Wednesday, September 30, 2009

My Grandfather's Rocking Chair



One good thing that came out of last week's mad trip to Connecticut and back was that I returned home with my grandfather's rocking chair. I had in the past expressed interest in inheriting this rocking chair, and in a moment of generosity my aunt decided that it would travel home with me now. I had already inherited an ottoman from my grandparents, which now I'll keep together with the chair.

I have many memories of my grandfather sitting in this rocking chair. I remember siiting in it as a boy, too, when we would go to visit. The chair itself is probably around 150 years old, and it's still in good shape. The wood's a little dry, as the chair's been in de facto storage in Connecticut for some years.



What I know of the chair's history is this: When they had not been married very long, my mother's mother and father were given this chair, either by my grandmother's sister or her mother. It was already a family heirloom. At that time, my grandfather recaned the back of the chair, and my grandmother made the needlepoint seat cushion cover that it still on the chair. (I believe she also recovered the ottoman I mentioned above.) It's a spring-steel seat on the chair rather than a foam support seat. I know my grandfather recaned the chair at least two more times over the years; what's on there now is not caning he actually wove, as he had done before, but some of that newfangled premade caning that you cut and fit into place, which he did.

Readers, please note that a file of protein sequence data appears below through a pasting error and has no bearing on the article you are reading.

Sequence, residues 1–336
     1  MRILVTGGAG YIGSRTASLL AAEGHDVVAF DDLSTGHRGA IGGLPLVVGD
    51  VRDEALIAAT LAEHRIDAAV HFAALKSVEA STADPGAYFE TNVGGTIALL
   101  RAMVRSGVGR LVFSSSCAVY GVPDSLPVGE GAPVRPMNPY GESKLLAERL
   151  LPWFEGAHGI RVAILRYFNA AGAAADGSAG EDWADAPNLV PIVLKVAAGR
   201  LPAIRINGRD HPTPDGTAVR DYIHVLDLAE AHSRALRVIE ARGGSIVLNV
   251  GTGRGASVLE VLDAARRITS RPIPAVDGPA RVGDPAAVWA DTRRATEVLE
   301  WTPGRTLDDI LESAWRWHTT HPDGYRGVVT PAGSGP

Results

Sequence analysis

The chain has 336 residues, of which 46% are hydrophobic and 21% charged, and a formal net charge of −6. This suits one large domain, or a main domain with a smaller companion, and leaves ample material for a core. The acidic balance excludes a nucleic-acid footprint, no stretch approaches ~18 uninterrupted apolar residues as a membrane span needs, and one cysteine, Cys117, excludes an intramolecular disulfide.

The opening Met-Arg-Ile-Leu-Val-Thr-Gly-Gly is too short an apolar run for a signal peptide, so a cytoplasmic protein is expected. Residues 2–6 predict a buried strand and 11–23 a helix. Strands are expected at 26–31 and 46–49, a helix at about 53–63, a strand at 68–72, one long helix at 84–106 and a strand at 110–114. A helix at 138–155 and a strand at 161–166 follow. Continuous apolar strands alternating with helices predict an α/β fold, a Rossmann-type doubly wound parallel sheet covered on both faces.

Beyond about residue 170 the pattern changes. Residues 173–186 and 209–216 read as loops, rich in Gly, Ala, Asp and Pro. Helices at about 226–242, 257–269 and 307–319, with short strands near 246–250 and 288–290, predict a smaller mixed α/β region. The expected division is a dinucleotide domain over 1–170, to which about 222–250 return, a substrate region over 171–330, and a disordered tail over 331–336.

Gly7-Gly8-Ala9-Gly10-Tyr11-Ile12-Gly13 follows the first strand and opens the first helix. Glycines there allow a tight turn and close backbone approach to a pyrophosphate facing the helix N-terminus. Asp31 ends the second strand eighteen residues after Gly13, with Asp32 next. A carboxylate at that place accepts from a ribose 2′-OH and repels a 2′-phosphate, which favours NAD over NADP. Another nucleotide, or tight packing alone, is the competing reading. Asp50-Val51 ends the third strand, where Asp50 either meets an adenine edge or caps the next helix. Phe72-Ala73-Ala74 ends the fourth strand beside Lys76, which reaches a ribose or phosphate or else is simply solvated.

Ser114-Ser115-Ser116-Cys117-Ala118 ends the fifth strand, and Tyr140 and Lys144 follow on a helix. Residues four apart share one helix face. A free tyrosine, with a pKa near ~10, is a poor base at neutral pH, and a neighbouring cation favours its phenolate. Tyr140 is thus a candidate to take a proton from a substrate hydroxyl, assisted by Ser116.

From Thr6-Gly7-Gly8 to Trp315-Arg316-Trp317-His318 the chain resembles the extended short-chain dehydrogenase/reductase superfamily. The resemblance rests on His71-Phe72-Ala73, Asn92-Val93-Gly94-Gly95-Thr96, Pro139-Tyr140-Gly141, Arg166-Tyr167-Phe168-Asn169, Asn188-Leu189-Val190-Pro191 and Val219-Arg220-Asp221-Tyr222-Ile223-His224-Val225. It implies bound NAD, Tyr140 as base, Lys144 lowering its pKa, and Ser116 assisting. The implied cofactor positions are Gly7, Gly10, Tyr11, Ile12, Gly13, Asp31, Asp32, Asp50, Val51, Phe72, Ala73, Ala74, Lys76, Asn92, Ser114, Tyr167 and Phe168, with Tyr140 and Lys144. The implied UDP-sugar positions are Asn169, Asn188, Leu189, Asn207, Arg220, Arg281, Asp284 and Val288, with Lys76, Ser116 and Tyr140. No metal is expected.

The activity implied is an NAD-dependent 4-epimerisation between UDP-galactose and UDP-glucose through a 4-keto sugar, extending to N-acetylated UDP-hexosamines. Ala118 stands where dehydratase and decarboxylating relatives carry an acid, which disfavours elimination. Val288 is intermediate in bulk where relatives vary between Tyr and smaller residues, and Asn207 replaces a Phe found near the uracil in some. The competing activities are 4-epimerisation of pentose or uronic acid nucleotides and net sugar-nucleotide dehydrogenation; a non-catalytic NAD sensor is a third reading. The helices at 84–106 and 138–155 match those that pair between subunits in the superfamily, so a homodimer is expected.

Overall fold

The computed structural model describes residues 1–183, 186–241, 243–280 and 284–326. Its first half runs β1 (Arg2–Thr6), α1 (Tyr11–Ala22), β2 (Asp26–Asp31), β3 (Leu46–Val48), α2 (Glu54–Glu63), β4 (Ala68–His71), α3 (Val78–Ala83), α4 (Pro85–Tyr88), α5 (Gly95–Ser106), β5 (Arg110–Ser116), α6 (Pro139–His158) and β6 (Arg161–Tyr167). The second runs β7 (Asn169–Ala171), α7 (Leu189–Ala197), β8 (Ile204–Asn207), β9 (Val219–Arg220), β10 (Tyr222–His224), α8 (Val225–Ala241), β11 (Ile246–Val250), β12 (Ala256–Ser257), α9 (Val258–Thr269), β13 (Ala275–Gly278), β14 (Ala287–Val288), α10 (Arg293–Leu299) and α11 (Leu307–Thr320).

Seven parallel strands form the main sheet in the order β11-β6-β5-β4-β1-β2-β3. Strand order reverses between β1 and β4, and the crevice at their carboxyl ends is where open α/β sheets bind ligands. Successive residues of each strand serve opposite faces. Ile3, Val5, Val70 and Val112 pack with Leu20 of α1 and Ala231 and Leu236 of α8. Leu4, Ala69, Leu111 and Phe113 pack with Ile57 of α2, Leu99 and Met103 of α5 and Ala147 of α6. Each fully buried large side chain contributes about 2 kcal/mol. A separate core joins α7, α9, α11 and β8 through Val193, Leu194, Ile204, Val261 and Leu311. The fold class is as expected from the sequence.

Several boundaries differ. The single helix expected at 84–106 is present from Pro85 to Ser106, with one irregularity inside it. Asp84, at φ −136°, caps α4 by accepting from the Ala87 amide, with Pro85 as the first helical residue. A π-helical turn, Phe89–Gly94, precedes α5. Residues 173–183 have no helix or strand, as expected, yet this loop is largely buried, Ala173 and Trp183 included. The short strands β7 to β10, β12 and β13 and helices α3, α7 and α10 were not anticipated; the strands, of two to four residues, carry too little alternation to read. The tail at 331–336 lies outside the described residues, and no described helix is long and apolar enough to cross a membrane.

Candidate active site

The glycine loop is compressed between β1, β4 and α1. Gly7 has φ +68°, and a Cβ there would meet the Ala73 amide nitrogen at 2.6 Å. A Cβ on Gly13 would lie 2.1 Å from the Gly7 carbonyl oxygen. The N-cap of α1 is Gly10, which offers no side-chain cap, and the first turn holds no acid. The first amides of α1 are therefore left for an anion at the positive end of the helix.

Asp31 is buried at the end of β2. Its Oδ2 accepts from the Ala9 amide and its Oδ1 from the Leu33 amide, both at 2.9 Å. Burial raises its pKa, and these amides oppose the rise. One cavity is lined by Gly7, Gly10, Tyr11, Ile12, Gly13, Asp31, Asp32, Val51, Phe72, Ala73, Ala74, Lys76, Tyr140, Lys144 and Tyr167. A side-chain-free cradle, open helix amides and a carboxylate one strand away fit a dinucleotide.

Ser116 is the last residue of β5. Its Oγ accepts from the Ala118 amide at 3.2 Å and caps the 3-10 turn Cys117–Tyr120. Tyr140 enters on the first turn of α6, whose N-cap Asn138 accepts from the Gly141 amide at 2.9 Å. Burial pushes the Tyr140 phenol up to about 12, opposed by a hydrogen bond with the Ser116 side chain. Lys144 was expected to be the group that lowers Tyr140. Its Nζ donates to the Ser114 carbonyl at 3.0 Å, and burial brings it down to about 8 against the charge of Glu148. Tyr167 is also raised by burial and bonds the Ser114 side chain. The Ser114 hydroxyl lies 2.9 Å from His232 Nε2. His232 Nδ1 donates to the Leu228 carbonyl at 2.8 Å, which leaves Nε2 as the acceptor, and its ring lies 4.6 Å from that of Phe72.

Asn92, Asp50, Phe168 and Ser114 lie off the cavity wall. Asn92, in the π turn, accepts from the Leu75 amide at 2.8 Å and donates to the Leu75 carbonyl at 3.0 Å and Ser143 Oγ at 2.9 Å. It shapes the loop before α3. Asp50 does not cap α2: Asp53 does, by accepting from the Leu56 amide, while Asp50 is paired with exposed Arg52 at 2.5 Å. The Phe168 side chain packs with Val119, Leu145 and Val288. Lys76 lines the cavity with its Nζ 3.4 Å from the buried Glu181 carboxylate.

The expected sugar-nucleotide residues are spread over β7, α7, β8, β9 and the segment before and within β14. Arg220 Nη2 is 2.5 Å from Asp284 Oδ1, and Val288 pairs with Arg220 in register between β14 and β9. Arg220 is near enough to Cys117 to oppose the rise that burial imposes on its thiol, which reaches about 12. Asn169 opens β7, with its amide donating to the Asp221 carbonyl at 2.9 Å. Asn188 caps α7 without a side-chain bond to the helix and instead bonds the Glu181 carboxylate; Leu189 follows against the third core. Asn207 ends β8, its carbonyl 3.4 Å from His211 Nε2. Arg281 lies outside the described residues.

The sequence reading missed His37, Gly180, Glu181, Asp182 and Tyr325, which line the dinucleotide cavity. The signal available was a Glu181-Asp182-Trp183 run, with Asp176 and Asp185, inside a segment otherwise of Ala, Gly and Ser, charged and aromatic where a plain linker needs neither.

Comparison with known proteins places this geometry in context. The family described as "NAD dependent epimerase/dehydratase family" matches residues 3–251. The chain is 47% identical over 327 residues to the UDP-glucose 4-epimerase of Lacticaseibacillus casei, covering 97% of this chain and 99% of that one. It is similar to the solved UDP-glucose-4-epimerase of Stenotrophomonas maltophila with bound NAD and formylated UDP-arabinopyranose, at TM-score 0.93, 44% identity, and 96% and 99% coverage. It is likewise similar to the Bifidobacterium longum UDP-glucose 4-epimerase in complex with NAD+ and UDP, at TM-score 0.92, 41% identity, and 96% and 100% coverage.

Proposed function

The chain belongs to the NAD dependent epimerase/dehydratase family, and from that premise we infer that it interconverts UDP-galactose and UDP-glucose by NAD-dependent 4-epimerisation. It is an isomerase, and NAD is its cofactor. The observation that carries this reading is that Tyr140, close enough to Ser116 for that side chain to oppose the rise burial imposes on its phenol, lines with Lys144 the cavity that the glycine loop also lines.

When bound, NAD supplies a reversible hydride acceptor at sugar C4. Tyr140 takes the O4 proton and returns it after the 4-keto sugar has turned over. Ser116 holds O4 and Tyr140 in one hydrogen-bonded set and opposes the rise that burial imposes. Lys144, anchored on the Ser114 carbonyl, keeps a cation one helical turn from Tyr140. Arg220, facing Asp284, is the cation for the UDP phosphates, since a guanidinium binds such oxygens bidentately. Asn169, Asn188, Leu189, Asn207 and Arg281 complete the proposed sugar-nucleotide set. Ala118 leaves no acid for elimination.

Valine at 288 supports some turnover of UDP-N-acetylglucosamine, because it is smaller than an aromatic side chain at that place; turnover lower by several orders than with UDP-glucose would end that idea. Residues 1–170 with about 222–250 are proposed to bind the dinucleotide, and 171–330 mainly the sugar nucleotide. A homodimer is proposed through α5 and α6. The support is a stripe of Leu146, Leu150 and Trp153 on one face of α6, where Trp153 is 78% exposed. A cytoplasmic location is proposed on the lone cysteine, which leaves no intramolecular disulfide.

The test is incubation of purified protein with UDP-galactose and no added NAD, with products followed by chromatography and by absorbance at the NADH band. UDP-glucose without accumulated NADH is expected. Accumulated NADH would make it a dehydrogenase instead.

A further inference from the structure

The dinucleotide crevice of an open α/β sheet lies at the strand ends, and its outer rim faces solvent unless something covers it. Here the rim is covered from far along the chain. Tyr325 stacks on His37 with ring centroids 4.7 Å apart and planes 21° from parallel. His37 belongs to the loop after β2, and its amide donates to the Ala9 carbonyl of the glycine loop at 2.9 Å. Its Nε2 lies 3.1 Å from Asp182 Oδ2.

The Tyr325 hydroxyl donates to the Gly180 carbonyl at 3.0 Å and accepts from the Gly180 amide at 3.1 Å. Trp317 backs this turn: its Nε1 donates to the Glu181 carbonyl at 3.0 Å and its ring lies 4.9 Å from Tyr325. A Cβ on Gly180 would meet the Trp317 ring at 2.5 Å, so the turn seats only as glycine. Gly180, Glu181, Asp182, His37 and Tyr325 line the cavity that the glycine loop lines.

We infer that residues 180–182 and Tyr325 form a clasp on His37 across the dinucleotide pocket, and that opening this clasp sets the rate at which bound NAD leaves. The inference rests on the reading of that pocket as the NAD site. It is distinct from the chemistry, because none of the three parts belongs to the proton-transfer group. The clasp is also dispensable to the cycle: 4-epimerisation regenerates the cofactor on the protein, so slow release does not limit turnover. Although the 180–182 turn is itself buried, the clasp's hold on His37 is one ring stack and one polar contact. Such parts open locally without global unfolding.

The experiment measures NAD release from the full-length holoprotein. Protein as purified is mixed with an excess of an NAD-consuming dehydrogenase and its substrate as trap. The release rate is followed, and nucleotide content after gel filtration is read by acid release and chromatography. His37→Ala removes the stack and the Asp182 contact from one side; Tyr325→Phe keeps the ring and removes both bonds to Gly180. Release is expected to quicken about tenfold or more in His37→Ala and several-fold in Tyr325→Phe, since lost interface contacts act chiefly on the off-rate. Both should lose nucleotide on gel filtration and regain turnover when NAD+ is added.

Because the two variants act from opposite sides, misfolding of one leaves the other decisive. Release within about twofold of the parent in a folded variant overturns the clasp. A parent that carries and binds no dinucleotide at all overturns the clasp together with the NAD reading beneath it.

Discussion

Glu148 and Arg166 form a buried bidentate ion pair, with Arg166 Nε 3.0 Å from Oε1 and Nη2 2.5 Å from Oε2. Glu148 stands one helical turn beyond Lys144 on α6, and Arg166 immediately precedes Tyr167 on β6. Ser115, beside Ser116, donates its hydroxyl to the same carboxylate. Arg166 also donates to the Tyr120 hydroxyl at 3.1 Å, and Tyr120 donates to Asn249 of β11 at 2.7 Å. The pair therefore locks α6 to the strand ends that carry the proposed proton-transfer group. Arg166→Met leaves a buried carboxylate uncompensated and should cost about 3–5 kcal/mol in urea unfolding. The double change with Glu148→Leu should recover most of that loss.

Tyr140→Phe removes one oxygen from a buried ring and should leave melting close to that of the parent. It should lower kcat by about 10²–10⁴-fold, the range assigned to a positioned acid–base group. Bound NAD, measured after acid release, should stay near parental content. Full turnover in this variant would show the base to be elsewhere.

The chair itself is probably well over a hundred years old, I'm guessing at least 150, but I can't be absolutely sure. The steel springs in the cushion were the type I've seen used in Victorian furniture at the height of the Industrial Revolution. They may be a more modern replacement, put in when Grandma redid the cushion; so the entire cushion assembly may be new, meaning it's still circa the 1920s. The wood frame is definitely 150 or more years old, however; it's made out of hard fruitwood, dense and heavy with a very fine grain as is typical of fruitwoods, so the chair is sturdier than it looks. I don't know which variety of fruitwood was used, and there is a finishing stain on the wood that I don't want to mar or restore, partly because it's beautiful as is, and partly because one doesn't do such things to antiques. I am not an antique collector, I only have a few pieces inherited from my parents and grandparents which I keep because they're beautiful and because they contain many memories; but even I know not to "restore" antiques. Some of their beauty comes from having been lovingly used these many years.



Grandpa was a master carpenter, a builder, a contractor, and a foreman, in Muskegon, MI. (He was born north of the Arctic Circle in Norway, and came to the US while still young.) He was the foreman and his brother was the general contractor for building Our Savior's Lutheran Church in Muskegon, where my aunt and uncle were married.